Expansion proposals have been discussed and agreed by the Directors of Finance at each of the authorities and  formal endorsement sought from Audit Committees at LBR and RBK and General Purposes Committee at LBM. The Heads of Internal Audit and Head of the South London Legal Partnership (SLLP) who line manages the internal audit function at LBM,  have had a number of meetings to discuss and progress proposals. Meetings have also been held with staff.

 

Staff will be involved in the project, some by being involved in project work streams looking at future arrangements for ICT, accommodation etc. A Staff workshop event is planned and there will be regular update briefings to keep staff up to date with progress.

 

Formal staff consultation procedures will be followed as part of the development of the service and TUPE transfer proposals.

 

Finance and efficiency

 

A financial evaluation of the business case for expanding the current shared Internal Audit service has been carried out This is based on the shared service commencing on 1st October 2015.

 

The key driver for the shared service is resilience and the realization of future savings and economies of scale as other parties join the shared service. Whilst there will be no immediate significant savings anticipated as a result of this expansion of the current shared service arrangement ,work will be undertaken to streamline processes and undertaking audits across three Authorities which should produce efficiencies and make savings in terms of the number of audit days.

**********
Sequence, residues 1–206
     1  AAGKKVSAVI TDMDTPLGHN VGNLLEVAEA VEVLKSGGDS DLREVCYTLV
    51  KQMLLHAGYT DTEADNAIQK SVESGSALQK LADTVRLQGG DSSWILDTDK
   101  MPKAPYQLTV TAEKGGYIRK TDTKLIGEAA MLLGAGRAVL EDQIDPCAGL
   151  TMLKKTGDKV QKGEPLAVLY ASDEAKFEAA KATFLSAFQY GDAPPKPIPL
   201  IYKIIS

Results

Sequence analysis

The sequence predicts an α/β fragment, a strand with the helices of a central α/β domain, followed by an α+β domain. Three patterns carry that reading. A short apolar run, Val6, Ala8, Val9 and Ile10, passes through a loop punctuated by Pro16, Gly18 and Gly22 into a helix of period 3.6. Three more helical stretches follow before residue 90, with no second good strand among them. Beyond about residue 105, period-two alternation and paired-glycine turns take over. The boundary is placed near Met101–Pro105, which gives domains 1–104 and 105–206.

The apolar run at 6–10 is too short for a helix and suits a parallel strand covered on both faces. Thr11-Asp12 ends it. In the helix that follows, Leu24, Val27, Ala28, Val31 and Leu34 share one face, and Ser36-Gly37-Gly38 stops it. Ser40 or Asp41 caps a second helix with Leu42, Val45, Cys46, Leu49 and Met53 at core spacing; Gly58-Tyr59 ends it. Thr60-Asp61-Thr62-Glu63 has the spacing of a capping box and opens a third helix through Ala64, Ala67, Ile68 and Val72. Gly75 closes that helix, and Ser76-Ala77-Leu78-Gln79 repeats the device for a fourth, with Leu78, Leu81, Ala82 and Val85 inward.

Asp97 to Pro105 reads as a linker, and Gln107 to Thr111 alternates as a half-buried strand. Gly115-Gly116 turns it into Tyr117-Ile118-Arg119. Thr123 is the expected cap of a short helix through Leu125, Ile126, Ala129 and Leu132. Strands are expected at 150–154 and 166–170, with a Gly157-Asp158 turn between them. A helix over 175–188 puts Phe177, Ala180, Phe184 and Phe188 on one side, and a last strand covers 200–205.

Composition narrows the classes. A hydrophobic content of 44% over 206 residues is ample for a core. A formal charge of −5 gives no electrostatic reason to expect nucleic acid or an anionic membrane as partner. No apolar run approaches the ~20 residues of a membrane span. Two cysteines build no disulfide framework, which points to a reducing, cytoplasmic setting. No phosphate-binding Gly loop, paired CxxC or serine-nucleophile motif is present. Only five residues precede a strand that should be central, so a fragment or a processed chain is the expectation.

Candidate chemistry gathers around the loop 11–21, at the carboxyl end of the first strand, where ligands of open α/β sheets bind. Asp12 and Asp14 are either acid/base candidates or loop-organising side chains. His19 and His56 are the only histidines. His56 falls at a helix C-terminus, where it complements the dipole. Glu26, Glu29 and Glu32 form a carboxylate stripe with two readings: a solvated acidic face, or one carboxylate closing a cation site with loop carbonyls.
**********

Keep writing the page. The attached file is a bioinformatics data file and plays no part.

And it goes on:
Development costs are expected to be minimal particular as an ICT solution already in place for the South London Legal Partnership (SLLP) and SWLFP which can be rolled out to the internal audit shared service. No redundancies are anticipated as a result of this project.

 

In the longer term, the shared service will seek to improve productivity and methods of working to achieve further efficiency savings. Also, the service will remain flexible so that it can expand or contract to meet organisational and/or statutory needs.

 

Policy implications

 

The commissioning role rests with the Directors of Finance who have the statutory S151 responsibility to meet the requirements of the Accounts & Audit Regulations 2015.

 

The role of the Audit Committees (LBR and RBK) and General Purposes Committee (LBM) will remain in line with their current Terms of Reference

 

Risks

 

Risks are detailed at 2.4.1.

 

One of the key risks, particularly in the interim period, is that the Heads of Internal Audit will have a reduced capacity to undertake work for the shared service and LBM respectively in the period up to October 2015. 

 

The key target for both the current shared service and LBM’s internal audit service to deliver 100% of the 2015/16 Audit Plan remains in place.  Following transfer of the investigations service to the SWLFP, the risk of a major fraud impacting on the delivery of these Plans has now been largely negated, however input from the respective Heads of Internal Audit may still be required .

 

 

Equality impact/considerations